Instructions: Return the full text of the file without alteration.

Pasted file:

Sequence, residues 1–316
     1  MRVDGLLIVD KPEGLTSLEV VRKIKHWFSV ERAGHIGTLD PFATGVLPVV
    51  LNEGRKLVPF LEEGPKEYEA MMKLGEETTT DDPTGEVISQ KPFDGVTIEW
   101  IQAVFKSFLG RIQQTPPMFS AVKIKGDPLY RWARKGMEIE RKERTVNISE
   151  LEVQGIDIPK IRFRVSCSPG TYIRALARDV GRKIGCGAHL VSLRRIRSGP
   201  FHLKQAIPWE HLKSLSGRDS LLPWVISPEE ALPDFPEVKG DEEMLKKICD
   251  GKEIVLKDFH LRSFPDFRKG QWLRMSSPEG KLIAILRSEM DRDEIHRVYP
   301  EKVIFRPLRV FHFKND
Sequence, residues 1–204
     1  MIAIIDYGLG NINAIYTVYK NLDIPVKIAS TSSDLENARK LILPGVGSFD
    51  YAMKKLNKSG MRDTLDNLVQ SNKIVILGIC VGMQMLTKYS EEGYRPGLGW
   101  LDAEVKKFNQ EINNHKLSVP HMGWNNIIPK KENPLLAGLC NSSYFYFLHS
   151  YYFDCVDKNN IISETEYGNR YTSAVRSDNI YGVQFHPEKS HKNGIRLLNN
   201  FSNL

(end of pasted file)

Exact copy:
Sequence, residues 1–316
     1  MRVDGLLIVD KPEGLTSLEV VRKIKHWFSV ERAGHIGTLD PFATGVLPVV
    51  LNEGRKLVPF LEEGPKEYEA MMKLGEETTT DDPTGEVISQ KPFDGVTIEW
   101  IQAVFKSFLG RIQQTPPMFS AVKIKGDPLY RWARKGMEIE RKERTVNISE
   151  LEVQGIDIPK IRFRVSCSPG TYIRALARDV GRKIGCGAHL VSLRRIRSGP
   201  FHLKQAIPWE HLKSLSGRDS LLPWVISPEE ALPDFPEVKG DEEMLKKICD
   251  GKEIVLKDFH LRSFPDFRKG QWLRMSSPEG KLIAILRSEM DRDEIHRVYP
   301  EKVIFRPLRV FHFKND
Sequence, residues 1–204
     1  MIAIIDYGLG NINAIYTVYK NLDIPVKIAS TSSDLENARK LILPGVGSFD
    51  YAMKKLNKSG MRDTLDNLVQ SNKIVILGIC VGMQMLTKYS EEGYRPGLGW
   101  LDAEVKKFNQ EINNHKLSVP HMGWNNIIPK KENPLLAGLC NSSYFYFLHS
   151  YYFDCVDKNN IISETEYGNR YTSAVRSDNI YGVQFHPEKS HKNGIRLLNN
   201  FSNL